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HomeCoinsAnders HelsethWhy The Uniswap (UNI) Token Is Almost Worthless: Researcher

Why The Uniswap (UNI) Token Is Almost Worthless: Researcher


In an analysis, Anders Helseth, Vice President at K33 Research, has mounted a strong case against the viability of the Uniswap (UNI) token. His analysis pivots on the intriguing dynamics of the decentralized finance (DeFi) market, fundamentally challenging the current valuation and future potential of UNI.
Helseth begins his argument with a seemingly straightforward question: “The Uniswap protocol generates significant trading fees, but will the UNI token ever capture its (fair) share?” His conclusion is emphatically negative.
Is The Uniswap (UNI) Token Worthless?
For context, UNI is a governance token for the Uniswap protocol, a decentralized exchange that earns a 0.3% fee on trades. However, as Helseth points out, the entire trading fee currently goes to liquidity providers, with UNI holders standing to gain only if governance votes permit fee dividends to UNI holders.

Even in a slow DeFi market, the fully diluted value of the UNI token is 15 times the annualized trading fees paid when using the protocol, currently around $6 billion. If the UNI token could capture all trading fees, it would arguably present an irresistible buy. However, Helseth makes a compelling argument to the contrary.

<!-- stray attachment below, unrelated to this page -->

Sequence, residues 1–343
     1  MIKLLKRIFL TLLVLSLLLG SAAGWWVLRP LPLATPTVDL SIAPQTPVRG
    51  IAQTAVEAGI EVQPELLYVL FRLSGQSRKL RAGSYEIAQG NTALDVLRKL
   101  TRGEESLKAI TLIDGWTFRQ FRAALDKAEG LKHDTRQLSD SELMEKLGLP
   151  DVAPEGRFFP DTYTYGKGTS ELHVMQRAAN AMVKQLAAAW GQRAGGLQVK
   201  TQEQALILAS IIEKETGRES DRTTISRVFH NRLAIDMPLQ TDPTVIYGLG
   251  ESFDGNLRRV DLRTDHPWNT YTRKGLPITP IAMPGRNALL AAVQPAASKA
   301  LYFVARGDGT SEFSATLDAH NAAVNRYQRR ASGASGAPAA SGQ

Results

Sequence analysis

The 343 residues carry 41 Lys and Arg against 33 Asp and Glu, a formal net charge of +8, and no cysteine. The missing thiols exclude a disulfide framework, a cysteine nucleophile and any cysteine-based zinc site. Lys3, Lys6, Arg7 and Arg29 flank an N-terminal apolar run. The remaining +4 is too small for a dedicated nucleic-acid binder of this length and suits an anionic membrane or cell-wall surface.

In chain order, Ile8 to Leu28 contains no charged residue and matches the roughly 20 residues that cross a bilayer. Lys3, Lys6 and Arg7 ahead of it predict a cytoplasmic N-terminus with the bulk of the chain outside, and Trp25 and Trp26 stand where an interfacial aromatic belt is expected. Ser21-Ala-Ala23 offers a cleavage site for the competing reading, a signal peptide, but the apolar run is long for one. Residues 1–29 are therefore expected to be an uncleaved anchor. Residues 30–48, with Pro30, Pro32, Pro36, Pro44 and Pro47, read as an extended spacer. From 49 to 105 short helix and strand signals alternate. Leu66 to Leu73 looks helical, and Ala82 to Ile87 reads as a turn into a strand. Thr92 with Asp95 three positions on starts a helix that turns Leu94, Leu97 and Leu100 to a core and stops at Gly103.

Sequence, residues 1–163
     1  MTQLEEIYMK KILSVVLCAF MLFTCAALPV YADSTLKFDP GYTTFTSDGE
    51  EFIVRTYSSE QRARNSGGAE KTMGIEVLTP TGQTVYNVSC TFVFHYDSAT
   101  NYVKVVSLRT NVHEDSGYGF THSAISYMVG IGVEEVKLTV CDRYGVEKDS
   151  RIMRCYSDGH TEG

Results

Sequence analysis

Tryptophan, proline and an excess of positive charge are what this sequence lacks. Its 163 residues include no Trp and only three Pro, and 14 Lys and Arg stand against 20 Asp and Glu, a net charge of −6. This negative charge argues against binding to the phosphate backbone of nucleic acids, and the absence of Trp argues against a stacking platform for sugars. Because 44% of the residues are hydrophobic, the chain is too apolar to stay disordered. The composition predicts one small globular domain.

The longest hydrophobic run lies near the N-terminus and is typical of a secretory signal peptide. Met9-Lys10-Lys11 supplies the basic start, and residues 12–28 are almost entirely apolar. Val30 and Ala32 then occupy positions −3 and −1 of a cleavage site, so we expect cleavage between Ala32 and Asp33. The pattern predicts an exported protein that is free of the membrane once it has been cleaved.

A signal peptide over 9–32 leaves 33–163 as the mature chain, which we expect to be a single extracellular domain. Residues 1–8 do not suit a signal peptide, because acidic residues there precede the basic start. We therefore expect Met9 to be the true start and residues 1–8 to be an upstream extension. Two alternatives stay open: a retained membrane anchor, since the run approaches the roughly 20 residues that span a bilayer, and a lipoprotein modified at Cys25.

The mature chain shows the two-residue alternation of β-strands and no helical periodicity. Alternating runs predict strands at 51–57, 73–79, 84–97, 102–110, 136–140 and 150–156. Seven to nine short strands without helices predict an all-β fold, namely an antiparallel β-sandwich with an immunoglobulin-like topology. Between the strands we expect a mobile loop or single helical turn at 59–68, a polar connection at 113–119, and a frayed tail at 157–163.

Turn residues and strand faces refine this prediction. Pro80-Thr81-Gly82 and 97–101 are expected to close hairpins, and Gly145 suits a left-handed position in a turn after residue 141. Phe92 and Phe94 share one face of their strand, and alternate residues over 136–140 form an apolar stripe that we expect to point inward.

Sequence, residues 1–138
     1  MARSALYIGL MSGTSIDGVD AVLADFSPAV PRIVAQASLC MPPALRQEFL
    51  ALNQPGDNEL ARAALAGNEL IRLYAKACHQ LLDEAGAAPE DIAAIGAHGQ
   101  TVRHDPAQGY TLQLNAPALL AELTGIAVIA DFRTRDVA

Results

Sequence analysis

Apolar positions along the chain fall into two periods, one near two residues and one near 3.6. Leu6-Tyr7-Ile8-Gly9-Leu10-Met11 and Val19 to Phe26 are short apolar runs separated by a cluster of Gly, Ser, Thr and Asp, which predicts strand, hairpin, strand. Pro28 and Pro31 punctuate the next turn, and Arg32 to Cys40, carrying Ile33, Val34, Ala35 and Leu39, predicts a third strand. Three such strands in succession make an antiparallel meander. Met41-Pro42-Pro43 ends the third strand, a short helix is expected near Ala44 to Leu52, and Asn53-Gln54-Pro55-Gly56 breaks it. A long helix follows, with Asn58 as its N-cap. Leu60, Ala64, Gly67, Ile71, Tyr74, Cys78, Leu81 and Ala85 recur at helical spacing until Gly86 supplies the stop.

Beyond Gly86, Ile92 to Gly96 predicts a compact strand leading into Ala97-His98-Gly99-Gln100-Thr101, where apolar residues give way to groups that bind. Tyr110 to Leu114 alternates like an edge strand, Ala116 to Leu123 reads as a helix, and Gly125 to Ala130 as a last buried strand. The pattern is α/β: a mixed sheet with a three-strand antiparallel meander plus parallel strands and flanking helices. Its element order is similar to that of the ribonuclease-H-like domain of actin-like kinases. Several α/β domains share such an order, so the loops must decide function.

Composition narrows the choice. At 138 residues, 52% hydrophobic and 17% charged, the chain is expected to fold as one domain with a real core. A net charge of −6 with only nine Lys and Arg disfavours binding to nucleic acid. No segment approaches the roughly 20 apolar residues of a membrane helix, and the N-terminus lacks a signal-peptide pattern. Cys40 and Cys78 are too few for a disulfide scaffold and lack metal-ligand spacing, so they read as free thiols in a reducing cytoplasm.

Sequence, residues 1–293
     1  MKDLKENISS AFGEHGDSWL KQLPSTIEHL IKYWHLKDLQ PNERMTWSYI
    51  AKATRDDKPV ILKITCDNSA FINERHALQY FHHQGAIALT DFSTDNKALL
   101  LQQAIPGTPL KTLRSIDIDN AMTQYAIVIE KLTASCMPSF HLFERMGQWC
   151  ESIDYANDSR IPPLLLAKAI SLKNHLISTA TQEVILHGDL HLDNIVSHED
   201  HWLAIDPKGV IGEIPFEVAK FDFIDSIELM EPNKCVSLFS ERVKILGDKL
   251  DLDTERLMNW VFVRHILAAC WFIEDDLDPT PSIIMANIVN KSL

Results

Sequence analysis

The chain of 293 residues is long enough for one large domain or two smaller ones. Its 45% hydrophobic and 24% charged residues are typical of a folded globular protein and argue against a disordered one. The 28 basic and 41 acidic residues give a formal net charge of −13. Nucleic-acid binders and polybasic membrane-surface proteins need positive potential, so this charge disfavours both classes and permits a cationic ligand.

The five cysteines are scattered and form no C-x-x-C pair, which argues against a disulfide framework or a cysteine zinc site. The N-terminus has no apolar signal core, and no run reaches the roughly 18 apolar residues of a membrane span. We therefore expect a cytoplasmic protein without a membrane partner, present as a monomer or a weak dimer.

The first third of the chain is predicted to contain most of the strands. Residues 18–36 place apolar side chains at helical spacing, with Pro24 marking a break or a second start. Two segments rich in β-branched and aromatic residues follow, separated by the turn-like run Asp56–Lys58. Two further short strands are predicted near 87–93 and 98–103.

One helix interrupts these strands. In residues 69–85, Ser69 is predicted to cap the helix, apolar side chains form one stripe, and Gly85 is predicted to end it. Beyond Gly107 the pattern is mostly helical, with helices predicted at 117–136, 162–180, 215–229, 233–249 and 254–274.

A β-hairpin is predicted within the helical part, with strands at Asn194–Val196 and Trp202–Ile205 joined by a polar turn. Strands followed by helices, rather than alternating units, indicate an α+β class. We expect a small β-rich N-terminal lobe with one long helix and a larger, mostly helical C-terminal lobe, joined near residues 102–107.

“The UNI token currently captures 0% of the 0.3% trading fee, which entirely goes to liquidity providers,” Helseth says, emphasizing the token’s current lack of intrinsic value.
The crux of his argument revolves around three players in the DeFi space: the users, the protocol (and hence UNI token), and the liquidity providers. According to Helseth, the interplay between these actors is detrimental to the UNI token’s potential for revenue generation. Helseth explains:
The entire protocol can be exactly copied within minutes at virtually no cost. This argument implies that all the power lies with the liquidity providers in the fight for trading fees.
The primary concern for users is liquidity and cost-effectiveness. If the same protocol can be replicated at a whim, users would inevitably gravitate towards the version with the most liquidity – to minimize slippage when executing trades. This dynamic significantly empowers liquidity providers who, unlike UNI holders, hold real, valuable tokens.

In addition, even though switching to another smart contract may entail some costs, these are relatively low, reinforcing the bargaining power of liquidity providers.
Concluding, Helseth states: “Given this relatively low cost of switching from the users’ perspective, we cannot conclude with anything else than that the power lies with the liquidity providers. Hence, even though the Uniswap protocol generates significant trading fees, we believe the potential for the UNI token to capture any of this revenue to be almost non-existent.”
At press time, the UNI price stood at $6.19 after being rejected at the 200-day EMA yesterday.


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